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Before picking specs, I need to ensure feasibility. Only one of the planets need be Earth-like; in fact, I would prefer if the other planet were rather small and dead, like a moon. The orbits will be eccentric enough to produce tectonic strain. Obviously they'll be tidally locked.

What would the tidal bulge on the home world be like? Would the planet take the shape of an egg? Is it reasonable to suppose that an immense volcanic plateau would form in the shadow of the sister world? Might there be major geological uplift?

I'm trying to create this plateau landform within scientific parameters. The only other necessary condition I can think of is the length of day-- it must approximate the 24-hour cycle (though with some room for variability, as a relatively long day/night cycle may also be an interesting feature of this world).

I basically want a normal world that gets weirder and more alien as you near the spot directly below the sister world. I'm thinking that plateau and/or surrounding environs will resemble Iceland's landscape. I imagine leading up to that you'd find a Patagonia-like desert strewn with what seems like a geographically far-flung "staircase" of strike-slip faults, escarpments, and terraces.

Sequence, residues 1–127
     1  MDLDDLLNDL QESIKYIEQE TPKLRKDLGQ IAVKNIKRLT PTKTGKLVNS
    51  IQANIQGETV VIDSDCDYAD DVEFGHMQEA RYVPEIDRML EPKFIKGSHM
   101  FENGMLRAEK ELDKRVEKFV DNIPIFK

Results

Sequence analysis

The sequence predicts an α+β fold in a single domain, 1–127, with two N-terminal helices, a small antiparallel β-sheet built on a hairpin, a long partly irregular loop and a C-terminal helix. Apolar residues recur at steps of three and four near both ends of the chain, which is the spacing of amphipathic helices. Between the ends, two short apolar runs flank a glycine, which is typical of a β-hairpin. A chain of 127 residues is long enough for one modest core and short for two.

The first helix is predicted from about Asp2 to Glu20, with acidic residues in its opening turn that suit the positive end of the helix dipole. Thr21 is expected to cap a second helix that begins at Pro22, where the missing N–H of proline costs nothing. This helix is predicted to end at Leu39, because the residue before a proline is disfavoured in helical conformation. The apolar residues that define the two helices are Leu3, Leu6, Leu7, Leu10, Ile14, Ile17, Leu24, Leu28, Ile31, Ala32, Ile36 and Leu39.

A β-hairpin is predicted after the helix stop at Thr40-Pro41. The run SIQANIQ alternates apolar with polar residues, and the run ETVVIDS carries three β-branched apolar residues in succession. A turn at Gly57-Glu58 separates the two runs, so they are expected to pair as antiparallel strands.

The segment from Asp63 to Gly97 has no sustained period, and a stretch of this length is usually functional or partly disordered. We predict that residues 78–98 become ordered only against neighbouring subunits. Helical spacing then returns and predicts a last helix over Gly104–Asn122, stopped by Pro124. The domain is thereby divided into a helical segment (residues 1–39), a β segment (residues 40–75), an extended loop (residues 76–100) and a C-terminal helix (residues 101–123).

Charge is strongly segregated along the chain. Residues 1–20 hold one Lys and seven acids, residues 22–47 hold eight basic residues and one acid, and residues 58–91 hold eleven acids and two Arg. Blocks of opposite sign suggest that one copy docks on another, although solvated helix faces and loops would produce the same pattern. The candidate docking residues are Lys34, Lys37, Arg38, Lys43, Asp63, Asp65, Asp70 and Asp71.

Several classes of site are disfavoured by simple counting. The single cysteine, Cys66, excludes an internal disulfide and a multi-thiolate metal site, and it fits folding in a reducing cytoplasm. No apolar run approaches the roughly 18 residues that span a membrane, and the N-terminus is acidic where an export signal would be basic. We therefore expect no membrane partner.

Is this scenario plausible, and, if so, under what conditions?

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    $\begingroup$ Why would they be tidally locked? $\endgroup$ – Ash Sep 14 '18 at 19:11
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    $\begingroup$ Textually speaking? For the purposes of creating the specific kind of tidal bulge/plateau I described. Scientifically speaking? Because it's a binary planet system, and unless one of the planets was only recently captured in an orbit around the other, it's particularly likely that they'd be tidally locked to each other by now. $\endgroup$ – Kyle Gravito Sep 14 '18 at 19:38
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    $\begingroup$ Have a look at spin-orbit resonance, tidal lock is not a physical necessity. $\endgroup$ – Ash Sep 14 '18 at 20:03